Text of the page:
Should I memorize my All-State Music?
I get this question from several of my students every year, and even have a few brave souls that walk into their lessons, and, having forgotten their music, proceed to tell me that “it’s okay, I’m memorized.”
We all know that you should study for a test so hard that you know everything there is to know about a subject, but if your teacher offered you the opportunity to use your textbook on the day of the test, you would use it… right?
So in response to the first question…NO, you should never sing your music memorized while practicing or in the audition room. First, there is no requirement to memorize your music. Second, I think every instructor that might say this to you doesn’t mean that you should sing memorized, but only that you should know your music so well that you COULD sing it from memory. Third, we encourage active practicing, and mindlessly singing without important instruction in front of you or a clear goal in mind may actually ingrain poor habits.
Absolutely, you should know the music so well that there are no surprises and so you can focus on musicality. You should know it so well that if the stand fell over, you could keep going. Knowing your music this well could help you anticipate page turns and assist your individual musical plan. BUT you will never be able to remember all the nuance, all the phrasing, all the language and diction that you have studied so hard over these past months.
Why use your music when practicing and in your audition?
- Decreases the amount of pitch and rhythm mistakes (write counting and solfege in your score!).
- Creates good habits with taking breaths in the same place EVERY TIME
- Helps you to practice smart (stopping and starting) rather than running through with no music.
Is it ever helpful to be memorized?
After you have successfully made the choir and have a conductor it is helpful to be memorized so you can look up to watch her or him. When you make the All-State choir the auditioned pieces will almost always be performed memorized for the concert, but you will have the conductor to help you with all the other details which were previously in your score. Watching him or her is like watching your music for those notes in your audition. After you memorize music for a concert, you should still have the music nearby so you can refer back if you forget something.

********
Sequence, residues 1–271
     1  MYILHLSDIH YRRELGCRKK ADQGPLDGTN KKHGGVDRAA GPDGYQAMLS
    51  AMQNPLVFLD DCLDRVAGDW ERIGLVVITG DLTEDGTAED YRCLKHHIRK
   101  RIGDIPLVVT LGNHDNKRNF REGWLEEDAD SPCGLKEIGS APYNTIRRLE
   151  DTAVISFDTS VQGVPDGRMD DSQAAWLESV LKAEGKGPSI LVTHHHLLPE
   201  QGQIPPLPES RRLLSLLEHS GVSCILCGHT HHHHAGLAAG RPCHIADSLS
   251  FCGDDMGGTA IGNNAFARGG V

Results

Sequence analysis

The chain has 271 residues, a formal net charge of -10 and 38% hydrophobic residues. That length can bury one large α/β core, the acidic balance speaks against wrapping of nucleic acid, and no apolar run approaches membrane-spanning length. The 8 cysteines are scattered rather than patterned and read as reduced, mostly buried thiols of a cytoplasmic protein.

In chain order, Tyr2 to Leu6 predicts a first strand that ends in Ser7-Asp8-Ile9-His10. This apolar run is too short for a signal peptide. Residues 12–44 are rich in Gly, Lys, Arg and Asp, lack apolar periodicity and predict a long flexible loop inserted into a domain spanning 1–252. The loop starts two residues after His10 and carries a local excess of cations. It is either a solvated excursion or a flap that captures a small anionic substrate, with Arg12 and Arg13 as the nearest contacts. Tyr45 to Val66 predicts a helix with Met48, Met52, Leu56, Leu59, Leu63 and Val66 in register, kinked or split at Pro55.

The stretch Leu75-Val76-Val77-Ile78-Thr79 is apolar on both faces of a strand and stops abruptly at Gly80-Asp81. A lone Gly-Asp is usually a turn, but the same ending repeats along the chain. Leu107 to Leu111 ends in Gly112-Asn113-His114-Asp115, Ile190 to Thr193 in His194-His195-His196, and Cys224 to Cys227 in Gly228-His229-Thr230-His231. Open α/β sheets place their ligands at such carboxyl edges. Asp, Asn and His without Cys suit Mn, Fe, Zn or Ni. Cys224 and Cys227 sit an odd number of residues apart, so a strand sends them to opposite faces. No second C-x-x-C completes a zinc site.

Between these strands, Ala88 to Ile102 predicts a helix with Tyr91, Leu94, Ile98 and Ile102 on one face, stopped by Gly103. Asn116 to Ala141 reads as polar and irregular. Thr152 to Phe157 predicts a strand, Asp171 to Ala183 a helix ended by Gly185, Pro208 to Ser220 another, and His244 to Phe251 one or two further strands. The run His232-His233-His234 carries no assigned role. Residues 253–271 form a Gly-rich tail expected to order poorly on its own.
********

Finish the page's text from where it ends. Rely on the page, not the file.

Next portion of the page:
Occasionally, in lessons I will ask a student to do ONE phrase while doing a specific action, such as a gesture or posture. Imagine your teacher asking you to look in the mirror at your mouth or tongue to correct a technical detail. This would be difficult to do without some degree of memorization! After students complete the phrase I will ask students go back to their music and record the correction.
One more note: if you write copious notes in your music, you may, at the point when you feel almost memorized, find it distracting to see old information, such as counts or solfege. This is why we recommend beginning by making copies of your music from the start while it is clean. When a student re-prints clean copies, or moves over to the originals (often about 3 weeks before the audition), they learn what notes then actually need to make in a score, such as intervals that are still troublesome, or new ideas about phrasing, instead of piling and piling on, making it difficult for the eyes to decipher what is important or relevant. You can also accomplish this by judiciously erasing extraneous information, or using colored pens or pencils to write so that the important things pop out.
To sum up, always use your music when you practice unless requested by your voice teacher for a vocalise OR after you have made the choir and the piece needs to be memorized for a concert.
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